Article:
When this indifference of Turkey's social democrats was compounded by the CHP's anti-European Union stance, particularly after 2000, relations between the CHP and SI weakened and deteriorated. The CHP's stances on Article 301 of the Turkish Penal Code, the Foundations Law, and the military's e-memorandum before last year's presidential elections mad things worse. Confederation of Revolutionary Workers' Unions (DISK) head Suleyman Celebi said that certain CHP positions and those of European social democrats don't gel at all and that there are great differences in terms of democracy and global norms. He added that this problem is nothing new and that the SI can't change course in just two months, and that the problem is about whether the CHP will reposition itself or not.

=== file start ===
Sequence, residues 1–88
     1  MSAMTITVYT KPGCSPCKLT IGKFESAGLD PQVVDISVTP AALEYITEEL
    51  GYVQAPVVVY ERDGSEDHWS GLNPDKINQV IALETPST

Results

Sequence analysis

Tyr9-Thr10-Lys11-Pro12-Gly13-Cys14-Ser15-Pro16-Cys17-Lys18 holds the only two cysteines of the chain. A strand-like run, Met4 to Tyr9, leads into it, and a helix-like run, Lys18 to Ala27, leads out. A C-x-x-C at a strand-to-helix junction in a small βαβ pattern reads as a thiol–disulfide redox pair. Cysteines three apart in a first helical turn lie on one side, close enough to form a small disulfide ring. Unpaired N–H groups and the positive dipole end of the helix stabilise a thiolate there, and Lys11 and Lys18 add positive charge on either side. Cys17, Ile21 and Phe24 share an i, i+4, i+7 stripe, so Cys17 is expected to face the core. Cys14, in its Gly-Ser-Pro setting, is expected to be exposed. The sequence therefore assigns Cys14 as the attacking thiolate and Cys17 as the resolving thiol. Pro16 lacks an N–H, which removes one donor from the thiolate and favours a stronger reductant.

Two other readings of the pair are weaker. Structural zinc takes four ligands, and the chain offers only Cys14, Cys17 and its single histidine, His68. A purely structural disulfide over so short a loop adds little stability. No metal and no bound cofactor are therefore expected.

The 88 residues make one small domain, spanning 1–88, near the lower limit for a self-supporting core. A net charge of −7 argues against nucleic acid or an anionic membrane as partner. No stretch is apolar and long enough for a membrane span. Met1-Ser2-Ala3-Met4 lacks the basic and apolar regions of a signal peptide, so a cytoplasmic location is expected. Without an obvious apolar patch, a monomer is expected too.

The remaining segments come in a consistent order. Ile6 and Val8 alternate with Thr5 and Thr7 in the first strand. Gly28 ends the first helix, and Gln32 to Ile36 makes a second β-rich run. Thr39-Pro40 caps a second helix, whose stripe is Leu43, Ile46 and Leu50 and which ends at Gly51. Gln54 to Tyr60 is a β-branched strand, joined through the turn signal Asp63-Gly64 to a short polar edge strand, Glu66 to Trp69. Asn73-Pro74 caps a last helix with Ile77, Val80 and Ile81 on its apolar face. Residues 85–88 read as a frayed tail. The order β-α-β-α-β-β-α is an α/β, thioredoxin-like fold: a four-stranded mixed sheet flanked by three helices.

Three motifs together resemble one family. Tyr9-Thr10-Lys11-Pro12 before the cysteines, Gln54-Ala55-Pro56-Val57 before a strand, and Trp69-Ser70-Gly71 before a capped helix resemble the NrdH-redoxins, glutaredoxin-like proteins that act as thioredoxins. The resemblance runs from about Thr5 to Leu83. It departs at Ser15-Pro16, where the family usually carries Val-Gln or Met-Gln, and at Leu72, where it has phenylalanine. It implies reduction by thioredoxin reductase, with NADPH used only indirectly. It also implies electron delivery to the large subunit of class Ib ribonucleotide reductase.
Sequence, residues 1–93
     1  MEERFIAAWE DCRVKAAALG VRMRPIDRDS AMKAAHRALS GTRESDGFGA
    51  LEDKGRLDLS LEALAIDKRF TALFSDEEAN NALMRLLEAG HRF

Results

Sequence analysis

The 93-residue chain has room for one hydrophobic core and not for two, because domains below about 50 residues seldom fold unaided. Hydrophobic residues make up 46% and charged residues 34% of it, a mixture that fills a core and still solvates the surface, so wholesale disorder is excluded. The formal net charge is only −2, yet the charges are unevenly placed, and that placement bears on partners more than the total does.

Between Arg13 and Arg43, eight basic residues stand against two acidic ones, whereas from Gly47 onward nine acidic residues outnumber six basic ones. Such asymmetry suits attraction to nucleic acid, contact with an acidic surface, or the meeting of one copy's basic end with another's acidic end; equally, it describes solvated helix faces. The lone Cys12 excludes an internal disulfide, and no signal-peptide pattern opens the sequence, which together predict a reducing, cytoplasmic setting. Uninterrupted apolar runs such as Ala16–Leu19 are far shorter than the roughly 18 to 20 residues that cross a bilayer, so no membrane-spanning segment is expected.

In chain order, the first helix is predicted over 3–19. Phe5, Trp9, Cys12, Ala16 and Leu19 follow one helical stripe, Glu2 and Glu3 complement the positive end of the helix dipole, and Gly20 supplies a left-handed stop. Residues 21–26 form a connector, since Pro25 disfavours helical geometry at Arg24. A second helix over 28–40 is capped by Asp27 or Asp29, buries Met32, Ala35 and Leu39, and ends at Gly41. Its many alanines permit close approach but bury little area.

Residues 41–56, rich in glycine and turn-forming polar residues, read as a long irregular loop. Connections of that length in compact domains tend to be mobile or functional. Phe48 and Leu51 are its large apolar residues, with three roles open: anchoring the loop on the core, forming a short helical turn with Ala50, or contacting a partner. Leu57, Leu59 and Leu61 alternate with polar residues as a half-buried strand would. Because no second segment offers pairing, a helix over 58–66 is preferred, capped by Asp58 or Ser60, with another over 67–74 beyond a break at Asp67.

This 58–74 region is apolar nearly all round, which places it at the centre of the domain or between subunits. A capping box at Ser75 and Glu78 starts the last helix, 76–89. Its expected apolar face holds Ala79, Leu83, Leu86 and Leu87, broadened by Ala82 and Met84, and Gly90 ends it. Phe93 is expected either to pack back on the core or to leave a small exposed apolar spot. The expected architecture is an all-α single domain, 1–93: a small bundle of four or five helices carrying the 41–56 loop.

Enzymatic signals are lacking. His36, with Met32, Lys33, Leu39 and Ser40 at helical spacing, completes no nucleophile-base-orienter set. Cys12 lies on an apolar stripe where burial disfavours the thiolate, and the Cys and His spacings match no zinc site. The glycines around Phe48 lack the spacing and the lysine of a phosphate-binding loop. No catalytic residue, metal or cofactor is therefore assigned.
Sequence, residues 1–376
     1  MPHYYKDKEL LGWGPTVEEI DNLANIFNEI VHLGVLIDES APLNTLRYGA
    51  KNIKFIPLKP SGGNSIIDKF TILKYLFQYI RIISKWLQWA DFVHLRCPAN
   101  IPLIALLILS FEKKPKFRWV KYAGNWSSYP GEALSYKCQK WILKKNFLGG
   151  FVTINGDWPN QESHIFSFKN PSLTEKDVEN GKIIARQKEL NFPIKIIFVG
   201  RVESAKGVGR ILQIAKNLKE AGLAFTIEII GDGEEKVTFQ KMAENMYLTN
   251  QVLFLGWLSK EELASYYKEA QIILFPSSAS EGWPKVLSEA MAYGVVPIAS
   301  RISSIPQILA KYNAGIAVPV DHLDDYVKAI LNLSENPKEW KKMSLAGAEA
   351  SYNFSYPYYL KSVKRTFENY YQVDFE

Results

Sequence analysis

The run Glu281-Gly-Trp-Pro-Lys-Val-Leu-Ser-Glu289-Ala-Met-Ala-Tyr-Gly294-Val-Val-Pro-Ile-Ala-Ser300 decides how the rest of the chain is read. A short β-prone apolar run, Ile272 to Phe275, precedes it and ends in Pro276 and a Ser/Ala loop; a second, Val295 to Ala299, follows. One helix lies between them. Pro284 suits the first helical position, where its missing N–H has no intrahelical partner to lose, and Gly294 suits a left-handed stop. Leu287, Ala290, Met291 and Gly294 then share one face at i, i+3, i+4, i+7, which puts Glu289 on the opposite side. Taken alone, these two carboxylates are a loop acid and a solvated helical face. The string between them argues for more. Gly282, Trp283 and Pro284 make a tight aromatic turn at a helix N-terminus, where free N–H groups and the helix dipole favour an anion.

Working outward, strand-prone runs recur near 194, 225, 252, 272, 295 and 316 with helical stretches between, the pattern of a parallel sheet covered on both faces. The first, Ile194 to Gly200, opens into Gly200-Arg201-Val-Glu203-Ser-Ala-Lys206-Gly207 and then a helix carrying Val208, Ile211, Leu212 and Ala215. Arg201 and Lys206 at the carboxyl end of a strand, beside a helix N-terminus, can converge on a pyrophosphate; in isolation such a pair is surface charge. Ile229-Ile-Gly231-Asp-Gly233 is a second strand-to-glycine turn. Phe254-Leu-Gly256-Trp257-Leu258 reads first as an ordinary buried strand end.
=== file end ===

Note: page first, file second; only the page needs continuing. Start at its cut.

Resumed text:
CHP leader Deniz Baykal isn't attending this week's SI meeting in Athens, and so the already-weakened ties will suffer more. So will they break off entirely? Neither Karakas nor Celebi think so. More importantly, Karakas said that nobody represents Turkey on SI committees. This obviously means our exclusion. If you're not there, it means you're not involved in the issues which are discussed there. Karakas added that the CHP is inward- looking and seems not to care about international relations, and so its influence is meager. Karakas said that we could solve a great many problems on the international stage and that the SI could help in this. That's why the CHP is facing questions within the left. It used to be part of the SI as a 'modernizing party,' but now it's the target of much criticism. The CHP should respond to this."